Prostate cancer and Trinovin
Will the dietary supplement Trinovin help to prevent prostate cancer? There is information on this page about
Trinovin comes from the red clover plant. This is a legume and belongs to the same family of plants as lentils, chick peas, soy and other beans. Trinovin is a diet supplement that has been promoted as a way of preventing prostate cancer but not as a treatment for men who already have prostate cancer. It is made up of a combination of four isoflavones and can be bought from some chemists and companies promoting it on the internet. Isoflavones are chemicals that can mimic the hormone oestrogen and it is believed that they may help to delay the growth of prostate cancer. They are also called phyto oestrogens, meaning they are plant chemicals similar to the human sex hormone oestrogen. This plant oestrogen is weaker than the oestrogen produced by our bodies.
The protective effect that isoflavones may have against cancer has been researched a great deal. Some of the studies have looked particularly at the use of soybean in diet. Some Asian countries have a high intake of soy in their diet compared to western countries where soy intake is fairly low. Countries with a higher soy intake tend to have much lower rates of prostate cancer and other types of cancer.
We know of some studies with Trinovin. One Australian study looked at 38 men with prostate cancer. 20 of these men took a daily supplement of Trinovin 160mg (very similar to the isoflavone content in the Asian diet) for up to 8 weeks before surgery to remove the prostate (prostatectomy). The results were compared with the remaining 18 men who had prostatectomy but did not take any Trinovin. Before and after treatment, investigators measured a number of things. These included
- The prostate specific antigen (PSA) levels
- The grade of the cancer (Gleason score)
- Levels of the hormone testosterone in the blood
- Examining the prostate glands that had been removed to see how many cancer cells had died (apoptosis)
- Isoflavone levels in the body's waste products
There was no major difference in the PSA, Gleason score or testosterone levels of men in the two groups. But for men who took Trinovin there was a significantly higher rate of prostate cell death compared to men who did not. This was more noticeable in men who had low grade cancers. The researchers said that the study showed that isoflavones taken as diet supplements may have some effect on the growth of prostate cancer. Use this link to see the Australian Trinovin study article.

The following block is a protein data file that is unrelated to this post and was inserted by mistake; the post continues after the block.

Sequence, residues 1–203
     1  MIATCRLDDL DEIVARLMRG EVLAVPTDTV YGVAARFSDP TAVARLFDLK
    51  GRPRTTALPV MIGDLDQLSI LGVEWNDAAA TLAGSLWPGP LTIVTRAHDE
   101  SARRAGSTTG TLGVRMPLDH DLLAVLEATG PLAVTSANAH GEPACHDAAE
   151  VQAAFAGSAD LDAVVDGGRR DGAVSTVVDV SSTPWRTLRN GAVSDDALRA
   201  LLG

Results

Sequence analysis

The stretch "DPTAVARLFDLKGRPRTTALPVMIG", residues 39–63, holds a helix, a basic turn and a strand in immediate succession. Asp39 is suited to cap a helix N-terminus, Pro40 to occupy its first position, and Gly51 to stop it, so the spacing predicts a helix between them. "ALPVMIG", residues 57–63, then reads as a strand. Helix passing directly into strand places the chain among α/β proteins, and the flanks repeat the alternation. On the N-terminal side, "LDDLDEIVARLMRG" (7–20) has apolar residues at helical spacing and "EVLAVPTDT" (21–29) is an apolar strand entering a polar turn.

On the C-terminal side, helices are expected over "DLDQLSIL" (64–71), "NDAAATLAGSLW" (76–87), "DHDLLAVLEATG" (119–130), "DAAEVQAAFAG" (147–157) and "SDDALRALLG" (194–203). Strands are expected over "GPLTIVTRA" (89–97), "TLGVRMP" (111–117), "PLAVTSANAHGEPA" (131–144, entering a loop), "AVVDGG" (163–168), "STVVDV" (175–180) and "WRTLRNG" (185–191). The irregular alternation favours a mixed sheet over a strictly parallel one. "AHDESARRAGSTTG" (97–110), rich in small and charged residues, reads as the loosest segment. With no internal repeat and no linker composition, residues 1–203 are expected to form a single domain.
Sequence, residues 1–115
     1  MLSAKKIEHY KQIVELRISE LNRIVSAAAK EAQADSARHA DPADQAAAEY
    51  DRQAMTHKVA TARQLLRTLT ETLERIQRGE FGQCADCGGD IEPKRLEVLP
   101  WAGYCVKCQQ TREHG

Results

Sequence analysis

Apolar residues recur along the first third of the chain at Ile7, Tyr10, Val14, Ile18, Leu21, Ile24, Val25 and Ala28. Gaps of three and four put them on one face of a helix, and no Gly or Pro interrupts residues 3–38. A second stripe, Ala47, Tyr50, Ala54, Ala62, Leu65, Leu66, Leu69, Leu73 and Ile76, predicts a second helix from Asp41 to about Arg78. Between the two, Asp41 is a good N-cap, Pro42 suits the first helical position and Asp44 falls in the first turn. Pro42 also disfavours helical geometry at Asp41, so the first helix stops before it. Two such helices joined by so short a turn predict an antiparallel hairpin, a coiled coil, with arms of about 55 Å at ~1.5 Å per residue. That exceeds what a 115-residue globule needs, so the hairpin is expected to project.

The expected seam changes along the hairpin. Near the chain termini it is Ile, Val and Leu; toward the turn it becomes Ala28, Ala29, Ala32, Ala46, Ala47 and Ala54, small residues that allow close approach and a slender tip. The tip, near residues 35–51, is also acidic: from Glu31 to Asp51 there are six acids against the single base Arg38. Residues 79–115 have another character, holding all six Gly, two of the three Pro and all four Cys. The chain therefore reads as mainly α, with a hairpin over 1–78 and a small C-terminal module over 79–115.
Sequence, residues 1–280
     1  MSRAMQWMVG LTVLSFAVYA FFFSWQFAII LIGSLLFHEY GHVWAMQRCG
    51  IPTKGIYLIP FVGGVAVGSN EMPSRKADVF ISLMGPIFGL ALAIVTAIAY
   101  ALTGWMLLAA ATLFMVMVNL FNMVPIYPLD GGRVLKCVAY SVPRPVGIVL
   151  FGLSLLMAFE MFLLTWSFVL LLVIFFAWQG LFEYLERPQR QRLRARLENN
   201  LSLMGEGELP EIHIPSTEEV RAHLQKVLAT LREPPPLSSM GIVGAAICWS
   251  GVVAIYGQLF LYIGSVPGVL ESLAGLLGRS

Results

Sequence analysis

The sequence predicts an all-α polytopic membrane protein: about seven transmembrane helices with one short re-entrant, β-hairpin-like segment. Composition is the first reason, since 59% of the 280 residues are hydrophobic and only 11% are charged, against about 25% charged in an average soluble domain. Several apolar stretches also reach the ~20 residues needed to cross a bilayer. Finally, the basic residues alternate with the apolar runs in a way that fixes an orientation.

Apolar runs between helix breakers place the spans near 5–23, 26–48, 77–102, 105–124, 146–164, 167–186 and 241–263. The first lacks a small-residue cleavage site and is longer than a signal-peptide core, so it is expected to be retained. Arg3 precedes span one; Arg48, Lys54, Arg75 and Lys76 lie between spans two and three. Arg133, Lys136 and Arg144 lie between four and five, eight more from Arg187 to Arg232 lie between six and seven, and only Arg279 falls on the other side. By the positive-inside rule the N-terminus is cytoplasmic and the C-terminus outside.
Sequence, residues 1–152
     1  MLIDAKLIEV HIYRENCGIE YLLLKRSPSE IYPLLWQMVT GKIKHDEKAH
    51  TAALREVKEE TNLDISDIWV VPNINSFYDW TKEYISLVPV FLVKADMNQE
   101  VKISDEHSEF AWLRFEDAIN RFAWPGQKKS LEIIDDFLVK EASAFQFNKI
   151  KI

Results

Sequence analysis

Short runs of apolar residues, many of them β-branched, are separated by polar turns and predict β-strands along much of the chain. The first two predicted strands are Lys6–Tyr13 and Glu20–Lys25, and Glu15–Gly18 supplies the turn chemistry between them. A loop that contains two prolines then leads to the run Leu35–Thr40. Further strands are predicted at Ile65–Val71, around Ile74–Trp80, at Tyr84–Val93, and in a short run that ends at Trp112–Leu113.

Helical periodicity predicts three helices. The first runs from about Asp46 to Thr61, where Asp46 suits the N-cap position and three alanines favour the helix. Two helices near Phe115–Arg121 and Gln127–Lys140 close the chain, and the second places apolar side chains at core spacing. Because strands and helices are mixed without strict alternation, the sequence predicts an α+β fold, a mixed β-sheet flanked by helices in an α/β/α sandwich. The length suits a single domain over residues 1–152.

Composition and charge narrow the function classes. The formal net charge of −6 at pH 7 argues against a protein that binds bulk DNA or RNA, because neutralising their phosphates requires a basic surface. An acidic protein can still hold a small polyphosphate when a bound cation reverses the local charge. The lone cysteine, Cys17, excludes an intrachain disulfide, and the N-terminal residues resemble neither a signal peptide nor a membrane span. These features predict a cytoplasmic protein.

Another study published by New Zealand researchers involved 6 men taking daily tablets of Trinovin. Blood tests were taken from these men measuring various hormones and steroid levels. Researchers wanted to try to find out if the daily Trinovin tablets they were taking helped to protect against prostate disease. The conclusion was that the supplement had no effect.
These are both very small studies and we need much larger trials in this area before we will know how important Trinovin or any other isoflavones are in preventing prostate and other cancers.
One laboratory study in 2010 looked at whether supplements like Trinovin can make prostate cells more sensitive to radiotherapy. The study found that some supplements did make the cells more sensitive to radiation. The authors recommend that men having radiotherapy for prostate cancer don't take any of these supplements during their treatment. The authors caution that the Trinovin could increase radiotherapy damage to healthy prostate cells.
If you are interested in taking this product, talk to your cancer specialist about it. Doctors are often very happy for their patients to take diet supplements if they have details of the ingredients. They can then make sure that the supplement is not harmful and will not interfere with any other tablets or treatments you are taking.
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